by Gary Samson
A Gift for Tomorrow's Technology Leaders
As New Hampshire's economic star continues to rise, meeting industry's demand for qualified employees remains a critical priority for the University of New Hampshire. Now, a $7 million gift from a New Hampshire couple will create the Hamel Center for the Management of Technology and Innovation to educate leaders who can bring new ideas from concept to marketplace--with speed and with skill.
Enlightened management of New Hampshire's technological resources is critical to the state's future prosperity. The gift from Dana Hamel and his wife, Kathryn, both longtime friends and supporters of UNH, will create a new interdisciplinary degree and certificate program specifically geared to business opportunities surrounding emerging technology. Hamel, who serves on the board of directors of the UNH Foundation, is a strong advocate for the state and public higher education.
"The very best way to enrich the lives of the people of New Hampshire is to invest in the University of New Hampshire," he states. "UNH graduates play a prominent role in charting the state's cultural, social, political and economic destiny."
Raytheon Chairman and CEO Daniel P. Burnham '70G observes that the Hamel Center has the potential to make New Hampshire even more attractive to businesses in the technology sector. "At Raytheon, our managers know that innovation is critical to competing successfully in the technology marketplace; they also know that innovation alone is not enough. The other critical ingredient is leadership, the ability to link technology to market needs quickly and effectively. Technology and leadership create critical mass."
The Hamel Center will be anchored in the Whittemore School of Business and Economics and work closely with the College of Engineering and Physical Sciences, the College of Life Sciences and Agriculture, and the Entrepreneurial Campus. "This new center will teach UNH students how to shepherd emerging research into commercially viable products," says David Hiley, provost and vice president for academic affairs. "They will learn the skills that today's new economy demands of its business leaders."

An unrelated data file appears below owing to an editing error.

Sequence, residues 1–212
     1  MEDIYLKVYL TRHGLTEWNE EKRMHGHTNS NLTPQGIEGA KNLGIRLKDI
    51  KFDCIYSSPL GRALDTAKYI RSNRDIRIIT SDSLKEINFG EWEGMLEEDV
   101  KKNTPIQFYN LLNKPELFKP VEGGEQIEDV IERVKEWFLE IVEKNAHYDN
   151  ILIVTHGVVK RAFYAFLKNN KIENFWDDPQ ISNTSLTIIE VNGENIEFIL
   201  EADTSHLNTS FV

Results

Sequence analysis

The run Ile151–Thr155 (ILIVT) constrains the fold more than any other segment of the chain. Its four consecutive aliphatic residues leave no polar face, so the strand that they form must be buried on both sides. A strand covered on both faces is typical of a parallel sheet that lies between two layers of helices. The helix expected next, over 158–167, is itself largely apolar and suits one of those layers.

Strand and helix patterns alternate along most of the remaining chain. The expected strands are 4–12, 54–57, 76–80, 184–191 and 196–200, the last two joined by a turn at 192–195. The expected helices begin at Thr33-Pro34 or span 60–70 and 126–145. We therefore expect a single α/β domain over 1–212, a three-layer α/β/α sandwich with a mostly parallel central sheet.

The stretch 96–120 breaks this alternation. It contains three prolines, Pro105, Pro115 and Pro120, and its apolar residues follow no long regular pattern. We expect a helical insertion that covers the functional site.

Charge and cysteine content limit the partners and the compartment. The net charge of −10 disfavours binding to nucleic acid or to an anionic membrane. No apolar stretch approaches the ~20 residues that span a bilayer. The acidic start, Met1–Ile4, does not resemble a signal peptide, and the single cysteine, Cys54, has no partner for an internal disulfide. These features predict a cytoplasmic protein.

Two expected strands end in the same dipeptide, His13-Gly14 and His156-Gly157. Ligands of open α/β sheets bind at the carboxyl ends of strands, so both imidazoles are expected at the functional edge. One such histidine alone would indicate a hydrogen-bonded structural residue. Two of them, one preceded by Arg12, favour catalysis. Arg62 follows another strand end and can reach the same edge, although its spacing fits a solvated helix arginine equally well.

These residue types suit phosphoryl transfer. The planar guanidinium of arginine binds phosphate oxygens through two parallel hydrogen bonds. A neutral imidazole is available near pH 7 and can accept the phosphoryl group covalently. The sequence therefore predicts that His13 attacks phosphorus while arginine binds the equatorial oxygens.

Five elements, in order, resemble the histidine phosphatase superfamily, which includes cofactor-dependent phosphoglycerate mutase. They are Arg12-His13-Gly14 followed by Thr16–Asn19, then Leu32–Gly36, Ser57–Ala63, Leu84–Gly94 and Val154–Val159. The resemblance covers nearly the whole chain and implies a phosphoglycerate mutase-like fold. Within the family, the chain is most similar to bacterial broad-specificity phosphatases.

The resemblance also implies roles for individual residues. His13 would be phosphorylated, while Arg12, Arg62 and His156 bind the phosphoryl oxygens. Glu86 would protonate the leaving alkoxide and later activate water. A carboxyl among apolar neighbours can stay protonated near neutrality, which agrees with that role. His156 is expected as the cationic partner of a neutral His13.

The roster of planned programs includes a new master of science program that explores the commercialization of new technologies. The gift will also fund three term professorships, an executive-in-residence program, lectures and symposia, an Entrepreneurial Management Laboratory and a partnership with the Franklin Pierce Law Center to focus on intellectual property matters. The result will be a growing number of graduates familiar with New England's business opportunities and prepared to contribute to the area's sustained prosperity.
"The Hamel Center will accelerate the business-development process for both employers and employees in the technology field," says Peter Getman '90, president and principal of MicroArts, a New Hampshire-based brand-development agency. "In the last year alone," he says, "we more than doubled the number of employees from 30 employees to 65. Nearly one-third of them, including my fellow principals, Michael DesRochers '86 and Barrett McDevitt '85, are UNH graduates. Talented, focused employees with speed-to-market ability is what differentiates us."
The Hamel gift boosts gifts and pledges to more than $65 million in the University of New Hampshire's $100-million The Next Horizon campaign.
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